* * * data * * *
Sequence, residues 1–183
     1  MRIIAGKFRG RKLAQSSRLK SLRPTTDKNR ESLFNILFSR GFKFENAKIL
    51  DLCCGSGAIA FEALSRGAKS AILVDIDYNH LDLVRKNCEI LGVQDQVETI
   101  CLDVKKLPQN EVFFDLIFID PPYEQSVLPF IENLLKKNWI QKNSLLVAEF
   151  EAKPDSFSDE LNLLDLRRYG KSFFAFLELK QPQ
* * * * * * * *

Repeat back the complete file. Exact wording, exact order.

Sequence, residues 1–183
     1  MRIIAGKFRG RKLAQSSRLK SLRPTTDKNR ESLFNILFSR GFKFENAKIL
    51  DLCCGSGAIA FEALSRGAKS AILVDIDYNH LDLVRKNCEI LGVQDQVETI
   101  CLDVKKLPQN EVFFDLIFID PPYEQSVLPF IENLLKKNWI QKNSLLVAEF
   151  EAKPDSFSDE LNLLDLRRYG KSFFAFLELK QPQ